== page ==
Chedino & Family is a photographic documentary series about gender reassignment in South Africa.
Chedino & Family tells the very personal story of Chedino, who was born a man but has been living the life of a woman for the past 16 years in the suburbs of Cape Town, South Africa. LGBTI rights in Africa often clash with traditional African culture in which same-sex relationships are deemed ‘un-African’ and where homophobia is rampant. This is especially the case in the suburbs of the big cities like Cape Town or Johannesburg, where intolerance often leads to violence against women like Chedino and her friends.
Chedino & Family is the 5th instalment of Julia Gunther’s ongoing project: Proud Women of Africa.
CHEDINO IN HER OWN WORDS
Cape Town, South Africa, 2014
My name is Chedino and I was born on the 2nd July 1983 in Mowbray, Cape Town, South Africa. Life as a transwoman in South Africa has it’s ups and downs. I believe that you as an individual create your own happiness but just like we will never get rid of racism, us transwoman will never ever be free of discrimination. Growing up was 10 times worse for me than for the so called ‘normal boys’ because I had to play the roll of two people every single day. I’ve always known I was different because I never showed any interests in anything a boy was suppose to do - according to society. Unfortunately for me I could only actively become the real me after I graduated. I wanted an education so I studied entrepreneurship and small business management but even in college I had to play the role of a boy. After my studies I had to look deep within myself and decide where I truly fit in. That was the difficult part because society didn’t see me as a straight woman although I looked and acted that way. I knew for a fact that I was not gay. If you don’t have the money to pay for the sex reassignment surgery you’re put on a waiting list. I’ve been on that list for 15 years now. If everything works out I should get the first operation (out of three) by summer 2016. The waiting list is now even longer. Nowadays you have to wait 20-25 years for your sex reassignment surgery if you can’t pay for it.
The definition of patience to me means having to put your life on hold and fight for what you want non stop even if it seems you are getting nowhere. That’s why I definitely think transgender people are the most patient people in the world.
Family means the world to me. Almost all of my family supported me from the beginning. Even the few that had their issues with me being the person I am changed over the years. I see my friends as family, too. They are a wonderful variety of people who all have different beliefs, values and mindsets but I can always count on their support and they can count on me. On 23rd may 2015 I’m having my 1st year anniversary with my boyfriend Keagan. We met through a mutual friend of ours. God, I was immediately in love. The fact that I haven’t had my sex change yet doesn’t affect our relationship at all because he fell in love with me as a person and not with my gender. Right now we are trying to find the right place for us to move in together. This is our first priority and as soon as we get a place we will start planning our wedding.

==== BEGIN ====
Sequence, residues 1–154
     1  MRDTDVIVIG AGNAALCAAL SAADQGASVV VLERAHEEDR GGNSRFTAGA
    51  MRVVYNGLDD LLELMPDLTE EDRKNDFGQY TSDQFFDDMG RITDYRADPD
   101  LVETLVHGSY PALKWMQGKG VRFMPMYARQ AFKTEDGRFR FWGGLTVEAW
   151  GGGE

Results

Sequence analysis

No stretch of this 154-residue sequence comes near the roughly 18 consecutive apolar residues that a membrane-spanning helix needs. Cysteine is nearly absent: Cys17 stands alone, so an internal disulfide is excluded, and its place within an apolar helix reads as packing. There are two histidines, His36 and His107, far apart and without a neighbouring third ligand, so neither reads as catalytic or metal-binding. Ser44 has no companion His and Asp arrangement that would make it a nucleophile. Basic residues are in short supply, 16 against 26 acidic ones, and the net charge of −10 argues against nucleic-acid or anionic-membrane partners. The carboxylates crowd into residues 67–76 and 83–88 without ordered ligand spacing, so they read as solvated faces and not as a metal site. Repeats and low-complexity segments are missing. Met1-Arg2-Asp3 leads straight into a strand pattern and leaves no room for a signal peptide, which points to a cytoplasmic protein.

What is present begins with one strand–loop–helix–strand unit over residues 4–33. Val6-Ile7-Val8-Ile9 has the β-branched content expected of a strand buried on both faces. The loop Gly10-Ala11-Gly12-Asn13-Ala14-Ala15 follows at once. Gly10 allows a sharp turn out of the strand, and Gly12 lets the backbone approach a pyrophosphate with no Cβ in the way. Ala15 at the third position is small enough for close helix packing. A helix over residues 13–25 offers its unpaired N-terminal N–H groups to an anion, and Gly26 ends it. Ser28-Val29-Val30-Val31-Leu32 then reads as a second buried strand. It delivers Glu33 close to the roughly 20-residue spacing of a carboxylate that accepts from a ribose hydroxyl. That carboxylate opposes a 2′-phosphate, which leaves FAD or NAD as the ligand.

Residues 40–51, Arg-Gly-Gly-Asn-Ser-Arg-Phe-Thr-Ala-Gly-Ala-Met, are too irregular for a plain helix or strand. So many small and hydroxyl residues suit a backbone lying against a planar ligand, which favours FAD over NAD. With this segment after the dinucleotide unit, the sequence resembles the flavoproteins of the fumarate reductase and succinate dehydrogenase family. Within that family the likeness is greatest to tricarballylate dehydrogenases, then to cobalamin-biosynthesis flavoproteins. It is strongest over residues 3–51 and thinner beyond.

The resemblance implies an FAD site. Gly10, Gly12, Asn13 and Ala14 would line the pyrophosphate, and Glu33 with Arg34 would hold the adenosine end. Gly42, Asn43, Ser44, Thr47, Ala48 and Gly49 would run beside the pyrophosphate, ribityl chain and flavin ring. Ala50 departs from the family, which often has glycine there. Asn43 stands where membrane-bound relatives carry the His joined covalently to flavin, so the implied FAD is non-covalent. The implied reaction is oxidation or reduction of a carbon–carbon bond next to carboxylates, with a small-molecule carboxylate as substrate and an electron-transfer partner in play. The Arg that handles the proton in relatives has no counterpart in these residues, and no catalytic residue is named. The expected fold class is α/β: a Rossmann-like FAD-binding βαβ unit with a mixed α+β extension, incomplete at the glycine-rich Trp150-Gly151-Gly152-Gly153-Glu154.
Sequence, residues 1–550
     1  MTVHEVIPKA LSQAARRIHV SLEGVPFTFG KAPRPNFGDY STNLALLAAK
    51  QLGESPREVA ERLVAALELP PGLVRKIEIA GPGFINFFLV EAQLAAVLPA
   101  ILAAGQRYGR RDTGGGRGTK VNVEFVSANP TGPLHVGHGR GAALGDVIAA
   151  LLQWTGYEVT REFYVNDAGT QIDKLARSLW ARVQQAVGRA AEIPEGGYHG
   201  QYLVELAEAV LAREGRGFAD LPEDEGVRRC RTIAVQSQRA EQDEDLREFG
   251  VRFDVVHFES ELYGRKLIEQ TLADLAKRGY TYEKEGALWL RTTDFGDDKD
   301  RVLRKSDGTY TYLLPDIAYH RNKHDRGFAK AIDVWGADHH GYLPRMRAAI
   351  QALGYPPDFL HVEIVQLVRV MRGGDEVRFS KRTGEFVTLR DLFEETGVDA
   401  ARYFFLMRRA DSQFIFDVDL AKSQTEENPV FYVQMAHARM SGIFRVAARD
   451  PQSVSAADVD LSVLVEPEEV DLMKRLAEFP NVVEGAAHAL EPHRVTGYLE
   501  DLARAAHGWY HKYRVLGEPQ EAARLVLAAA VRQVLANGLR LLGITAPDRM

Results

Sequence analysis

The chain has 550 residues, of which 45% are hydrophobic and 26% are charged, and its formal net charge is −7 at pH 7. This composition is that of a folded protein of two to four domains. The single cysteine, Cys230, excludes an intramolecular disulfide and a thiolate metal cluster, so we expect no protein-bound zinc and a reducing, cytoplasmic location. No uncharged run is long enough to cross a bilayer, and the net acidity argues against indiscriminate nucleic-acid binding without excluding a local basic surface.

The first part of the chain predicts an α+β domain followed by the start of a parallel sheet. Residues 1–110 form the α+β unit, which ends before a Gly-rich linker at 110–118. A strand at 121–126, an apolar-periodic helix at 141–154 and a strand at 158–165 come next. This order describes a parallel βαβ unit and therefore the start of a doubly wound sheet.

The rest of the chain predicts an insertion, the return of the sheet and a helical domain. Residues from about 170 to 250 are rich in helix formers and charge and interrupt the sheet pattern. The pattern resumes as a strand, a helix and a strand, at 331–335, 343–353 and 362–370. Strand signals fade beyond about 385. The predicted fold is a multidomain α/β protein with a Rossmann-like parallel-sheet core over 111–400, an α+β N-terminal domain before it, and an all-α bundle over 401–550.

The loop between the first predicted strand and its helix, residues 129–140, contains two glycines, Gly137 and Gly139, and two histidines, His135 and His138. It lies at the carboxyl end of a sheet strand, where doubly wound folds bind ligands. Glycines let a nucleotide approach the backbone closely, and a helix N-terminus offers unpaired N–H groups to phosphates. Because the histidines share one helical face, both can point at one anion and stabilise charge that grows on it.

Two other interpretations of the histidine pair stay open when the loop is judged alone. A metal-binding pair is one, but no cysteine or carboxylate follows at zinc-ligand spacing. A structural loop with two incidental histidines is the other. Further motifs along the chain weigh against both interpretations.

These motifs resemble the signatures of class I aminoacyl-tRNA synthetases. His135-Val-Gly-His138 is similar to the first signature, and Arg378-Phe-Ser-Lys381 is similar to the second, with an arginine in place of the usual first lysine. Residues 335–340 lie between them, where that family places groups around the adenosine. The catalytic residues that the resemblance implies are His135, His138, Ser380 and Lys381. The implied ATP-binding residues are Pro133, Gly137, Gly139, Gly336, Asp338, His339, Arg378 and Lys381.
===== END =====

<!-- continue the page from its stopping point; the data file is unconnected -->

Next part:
‘Divas in Cabaret’ is my baby. Beauty pageants like Miss Temptation and club performances like Divas in Cabaret make a difference in our community. These activities give us a chance to show people that there is more to us than just make-up and beautiful clothing. It’s a platform where we get to be ourselves with no faking or pretending. We get to teach the audience that style, posture and grace are our unspoken elements. For most of us it’s the way we walk, the way we talk and the manner we present ourselves. I sing a variety of songs but mostly Whitney Houston, Gladys Knight, Diana Ross, Jennifer Hudson, Gloria Gaynor and Donna Summers because these are all strong women that went through hell and back but yet somehow always managed to hold their heads up high. All these women had a dream and went full steam ahead to make that dream a reality.
‘Moffie’ is a very insulting word. It’s a word people use to degrade you as a person when you are gay, bi or trans. Just among ourselves we call each other that because this is how we deal with the word. By making a joke out of it amongst ourselves we manage to take away its power. We would never use it in front of people we don’t trust or accept as being part of us
My hopes and dreams for the future are: To live a life without discrimination. To be treated as a human being. To be successful and independent. To get married to Keagan and live a long and happy life together. To be happy. I’m already extremely happy but there is always room for more.
— Julia Gunther